What I did this week was get things done. After days and weeks of moping and having a brain dull as an old tennis ball, I just focused on getting stuff done. Meetings, writing, planning, checking things off the list. Just work the list, I always say, work the list. For a person like me, productivity is its own balm. So I got balmed up this week, plenty good.
My beloved Street Angels dealt with a very sick homeless woman who was turned down at shelter because she couldn’t get to the can on her own. In a wheelchair, sick in ten different ways, weak, and living outside, she just was too much for the shelter to bear. I know. They have rules and staffing issues and all that. So Street Angels took said very sick woman to the ER where they kept her for a bit and then discharged her at 1:00 a.m. To the street. My outrage about this and other things this week led me to the conclusion that anger may be the fountain of youth since I’ve never felt more ready or able to go to war.
Yesterday, I stood next to the person who put the peas next to the chicken and gravy over mashed potatoes. We were in an assembly line to put hot meals together to distribute on homeless outreach. She was so careful to make sure the peas hugged the side of the styrofoam container furthest away from the chicken and gravy. “Some people don’t like their food touching.” And I loved that so much, that she would think of that.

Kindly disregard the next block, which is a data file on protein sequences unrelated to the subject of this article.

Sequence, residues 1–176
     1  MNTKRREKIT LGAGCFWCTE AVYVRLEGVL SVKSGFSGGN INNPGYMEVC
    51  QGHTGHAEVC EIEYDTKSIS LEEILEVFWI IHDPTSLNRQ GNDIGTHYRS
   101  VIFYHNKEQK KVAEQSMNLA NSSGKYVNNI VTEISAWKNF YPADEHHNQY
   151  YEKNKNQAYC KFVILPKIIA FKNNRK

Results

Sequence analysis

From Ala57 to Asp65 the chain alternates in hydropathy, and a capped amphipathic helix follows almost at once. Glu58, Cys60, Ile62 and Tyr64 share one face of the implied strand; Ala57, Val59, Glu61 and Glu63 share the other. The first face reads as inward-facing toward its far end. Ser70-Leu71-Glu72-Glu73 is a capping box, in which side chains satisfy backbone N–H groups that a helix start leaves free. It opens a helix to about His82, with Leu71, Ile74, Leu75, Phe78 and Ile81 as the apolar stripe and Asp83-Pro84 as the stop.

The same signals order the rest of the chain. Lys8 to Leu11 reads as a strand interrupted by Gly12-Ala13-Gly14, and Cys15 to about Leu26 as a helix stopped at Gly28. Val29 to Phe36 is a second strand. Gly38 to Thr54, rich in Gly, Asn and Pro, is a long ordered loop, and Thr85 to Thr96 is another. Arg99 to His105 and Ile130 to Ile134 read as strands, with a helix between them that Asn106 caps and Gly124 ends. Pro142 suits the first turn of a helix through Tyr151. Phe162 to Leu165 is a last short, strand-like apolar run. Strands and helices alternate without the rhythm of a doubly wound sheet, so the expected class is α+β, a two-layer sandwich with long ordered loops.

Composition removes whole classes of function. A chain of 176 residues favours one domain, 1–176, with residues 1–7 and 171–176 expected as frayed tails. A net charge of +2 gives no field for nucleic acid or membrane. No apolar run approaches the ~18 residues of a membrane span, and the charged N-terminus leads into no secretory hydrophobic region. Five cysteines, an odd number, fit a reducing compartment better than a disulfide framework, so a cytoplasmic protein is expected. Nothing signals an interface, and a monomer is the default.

Our dog basically lost his balls. There remains a facsimile of balls but it bears little resemblance to what was there. I mentioned this to my husband at the dog park, looking at Swirl’s minimalistic balls swinging like deflated balloons and he said just this, “Better small balls than a dead dog,” he being the one advocating neutering the dog to avoid cancer later. It was our first visit to the dog park in ten days – the recuperation period that long – and it was a sweet return.
When I was in second grade, my mother bought me brown oxford shoes. These were to be my school shoes. My play shoes were $1 sneakers from our dime store. I remember being astonished that she’d bought me little man shoes. They were brown with brown laces, as severe as an old nun’s habit. I wore them with white anklets. I remember to this day sitting at my desk in class and looking down at my feet and feeling such disbelief that those were my shoes. But they were and I just had to learn to live with that reality.